The Bottom Line
- It has been a busy week for the FTC – and expect the regulators to keep churning. The FTC is likely already on the hunt for a test case to apply the newly revised Endorsement Guides.
- Now is the time to get ahead of the updates and audit both internal and external influencer and social media disclosure policies to ensure compliance.
- Stay tuned for our deep dive into the updates and what they mean for marketers, agencies and endorsers going forward.
Today, the FTC announced its newly revised and long-awaited Endorsement Guides, which aim to update and clarify previous guidance regarding the use of endorsements and testimonials in light of market trends and the ever-evolving digital landscape. The new Endorsement Guides, which have not been revised since 2009, take into account public comments filed since the FTC proposed updates in May 2022.
The final Endorsement Guides make a number of important and sweeping revisions to the prior Endorsement Guides, focusing in particular on:
- Deceptive review practices, such as suppressing negative reviews or otherwise manipulating reviews to distort what consumers think of a product through boosting, upvoting, downvoting, editing, or other tactics;
- How to handle incentivized reviews and reviews by employees, including “seeding” fake reviews of competitors;
- What it really means to make a “clear and conspicuous” disclosure on social media – which may not be achieved by using a platform’s built-in disclosure tool;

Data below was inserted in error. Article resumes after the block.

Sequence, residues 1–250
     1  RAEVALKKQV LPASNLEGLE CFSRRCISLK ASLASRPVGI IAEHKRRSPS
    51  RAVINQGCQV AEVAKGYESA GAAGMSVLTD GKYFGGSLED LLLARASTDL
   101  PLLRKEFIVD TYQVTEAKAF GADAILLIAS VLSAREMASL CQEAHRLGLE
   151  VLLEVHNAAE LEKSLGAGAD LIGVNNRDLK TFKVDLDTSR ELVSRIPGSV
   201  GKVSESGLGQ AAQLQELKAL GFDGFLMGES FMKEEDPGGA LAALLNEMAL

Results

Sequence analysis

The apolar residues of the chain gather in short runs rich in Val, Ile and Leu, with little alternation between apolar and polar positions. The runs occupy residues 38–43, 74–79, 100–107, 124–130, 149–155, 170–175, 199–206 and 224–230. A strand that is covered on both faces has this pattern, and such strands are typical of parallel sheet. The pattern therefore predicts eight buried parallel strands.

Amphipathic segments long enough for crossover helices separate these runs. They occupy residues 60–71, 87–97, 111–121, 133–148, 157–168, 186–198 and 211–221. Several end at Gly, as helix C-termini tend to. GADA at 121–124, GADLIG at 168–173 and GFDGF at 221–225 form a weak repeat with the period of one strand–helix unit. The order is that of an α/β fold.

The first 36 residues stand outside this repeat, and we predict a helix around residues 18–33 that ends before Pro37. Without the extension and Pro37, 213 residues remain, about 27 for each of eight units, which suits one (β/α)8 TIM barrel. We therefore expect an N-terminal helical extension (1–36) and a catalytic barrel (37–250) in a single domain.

- Expanding the definition of what an “endorsement” is – which now expressly includes the use of virtual influencers, tags and fictionalized reviews in social media;
- The relative liability of advertisers, agencies, intermediaries and even endorsers themselves;
- Child-directed advertising, which is now its own entirely new section of the Endorsement Guides.
FTC Focus on Child-Directed Advertising
The new section on child-directed advertising states that “(e)ndorsements in advertisements addressed to children may be of special concern because of the character of the audience” and “(p)ractices that would not ordinarily be questioned in advertisements addressed to adults might be questioned in such cases.” The FTC declined to provide further guidance as to what this new section means for influencer marketing directed to children other than to state that research on children’s cognitive development suggests disclosures will not work for younger children and that marketers and endorsers should be particularly careful in their use of endorsements directed to children.
The FTC also updated its 2017 FAQ document – The FTC’s Endorsement Guides: What People Are Asking to reflect the new Endorsement Guides. The new document includes myriad updates of note, including 40 additional questions and dozens of revisions to the existing answers to address new technologies and social media platforms. Notably, it is geared towards influencers as well as marketers, clearly instructing endorsers of their disclosure obligations across different kinds of platforms. On the marketer side, the FTC has added its own perspective regarding a brand’s monitoring obligations when running an influencer campaign.